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by Jeremy Sandford
‘Gypsies’, handsomely published by Martin Secker and Warburg in 1973, has become a classic in Romany Gypsy circles and wider afield. It’s one of the key books, if not the key book, to which people turn to learn more about the British Romany Gypsy population.
Consisting of self portraits by 25 British Gypsies, very favourably reviewed in The Observer, The Times, The Sunday Times and The Evening News, among many other papers, reissued in paperback by Abacus Sphere, it has become a collector’s item and in just one quarter of 1997, 125,000 pages were photocopied for use in higher education. Roughly the same in every quarter since (ALCS figures).
Now it is being reissued in a new edition by the University of Hertford Press (new title ‘Rokkering to the Gorjios’) and is being translated into Romany, Romanian, Spanish and three other European languages for sale throughout Europe in a combined operation amounting to some 50 thousand initial print run.
Now, nearly 25 years later, Sandford plans to return to the ‘Gypsies’ theme.
Just like the first time, again it is at the invitation of the Gypsies themselves. Charlie Smith, today’s Chair of the Gypsy Council, describes how he was inspired, when reading in the original ‘Gypsies’ of Sandford’s hopes that a Gypsy leader would one day appear who had been educated in the Gorjio way and could play the Gorjio politicians at their own game. Charlie recognised in those words his own destiny. He now wears a tee shirt on which is written:
Much has changed for Romany Gypsies over the last quarter century. Draconian legislation has forced many more of them off the road and, often entirely against their own wishes, onto drab Council sites or into houses. Many horse fairs, their traditional meeting places, have been closed down.
On the positive side they are becoming aware of the international aspects of their predicament; a million Romanies in the European Union are beginning to forge links with those cousins they have not seen since they left Pakistan a thousand years ago.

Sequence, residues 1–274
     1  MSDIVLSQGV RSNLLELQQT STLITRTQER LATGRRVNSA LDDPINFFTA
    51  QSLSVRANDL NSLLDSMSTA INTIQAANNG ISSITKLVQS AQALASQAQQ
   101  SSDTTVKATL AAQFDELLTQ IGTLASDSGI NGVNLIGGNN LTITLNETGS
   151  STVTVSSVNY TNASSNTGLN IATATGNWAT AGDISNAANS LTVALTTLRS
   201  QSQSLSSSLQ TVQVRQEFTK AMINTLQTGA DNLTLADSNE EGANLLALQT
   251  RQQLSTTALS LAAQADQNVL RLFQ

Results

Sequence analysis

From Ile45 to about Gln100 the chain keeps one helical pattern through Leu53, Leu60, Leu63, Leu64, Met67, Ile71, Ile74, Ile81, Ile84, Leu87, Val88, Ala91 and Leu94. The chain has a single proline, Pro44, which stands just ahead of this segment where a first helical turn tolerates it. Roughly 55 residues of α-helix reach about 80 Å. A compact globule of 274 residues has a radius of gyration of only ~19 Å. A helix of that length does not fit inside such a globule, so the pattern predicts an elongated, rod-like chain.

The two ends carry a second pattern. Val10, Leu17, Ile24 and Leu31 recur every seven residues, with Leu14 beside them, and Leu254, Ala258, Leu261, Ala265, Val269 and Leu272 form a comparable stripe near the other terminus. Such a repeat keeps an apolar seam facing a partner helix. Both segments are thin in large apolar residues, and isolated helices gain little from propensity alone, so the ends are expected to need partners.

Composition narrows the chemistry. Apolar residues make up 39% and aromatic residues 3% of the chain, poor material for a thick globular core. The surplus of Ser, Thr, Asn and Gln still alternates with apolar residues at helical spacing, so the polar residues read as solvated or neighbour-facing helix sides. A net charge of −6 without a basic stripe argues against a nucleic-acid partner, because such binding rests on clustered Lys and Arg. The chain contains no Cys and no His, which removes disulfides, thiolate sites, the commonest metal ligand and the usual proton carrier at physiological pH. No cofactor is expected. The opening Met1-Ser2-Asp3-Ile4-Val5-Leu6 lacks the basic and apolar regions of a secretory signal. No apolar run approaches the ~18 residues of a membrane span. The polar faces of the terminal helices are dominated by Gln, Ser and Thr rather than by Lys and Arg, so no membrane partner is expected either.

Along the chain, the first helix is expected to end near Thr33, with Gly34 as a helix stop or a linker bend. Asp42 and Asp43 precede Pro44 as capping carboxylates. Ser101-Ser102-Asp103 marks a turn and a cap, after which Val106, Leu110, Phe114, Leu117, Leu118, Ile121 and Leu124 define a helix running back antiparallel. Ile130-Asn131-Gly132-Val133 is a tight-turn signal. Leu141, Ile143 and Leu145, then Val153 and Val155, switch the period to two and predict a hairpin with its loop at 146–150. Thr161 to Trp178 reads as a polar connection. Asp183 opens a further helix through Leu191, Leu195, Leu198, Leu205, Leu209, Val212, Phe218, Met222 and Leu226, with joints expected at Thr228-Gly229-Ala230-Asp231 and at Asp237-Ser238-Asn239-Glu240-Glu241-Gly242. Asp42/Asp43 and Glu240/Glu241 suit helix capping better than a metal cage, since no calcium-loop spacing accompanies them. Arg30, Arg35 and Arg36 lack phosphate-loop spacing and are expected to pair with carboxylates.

Sandford will talk to the same Gypsies he spoke to a quarter century ago and discover how life has changed for them. Some, of course, including the wonderful Prince Nathaniel Petulengro Lee, will be no longer available to make up the number. Sandford will present Gypsies from the younger age groups - amongst them Charlie Smith.
In his new preface and epilogue he will sketch new developments and outline hopes and policies for the future, particularly drawing on his experience in Hungary and in the Republic of Ireland where he has travelled extensively among the Romany and Traveller populations.
The original ‘Gypsies’ came about when Jeremy Sandford was asked to write it by the Gypsy Council, of which he was an executive member and for whom he was, at that time, editing their newspaper / journal ‘Romano Drom’ (Gypsy Road or Destiny).
Now he is once again an executive member of the Gypsy Council and by them has been asked to produce a new book to the same format, 25 years later.
In the previous book, twenty five Gypsies, mainly non-literate (or, as they put it, ‘not scholars’), spoke directly to the Gorjio (non Gypsy) population about the joys and challenges of being a Gypsy in contemporary Britain. To their powerful and poignant contributions, Sandford added an introduction and epilogue of social and political background, setting the scene.
Some Further Notes, from Jeremy Sandford
In June 1997 I was re-elected, after an absence of many years, to a position on the executive committee of the Gypsy Council. In August I was the prime mover in bringing over a Hungarian Gypsy band and dance troupe who met with and performed for hundreds of both Gypsies and non Gypsies. I have published ‘Songs from the Roadside, 100 Years of Gypsy Music in the West Midlands’, in the form of book and audio cassette.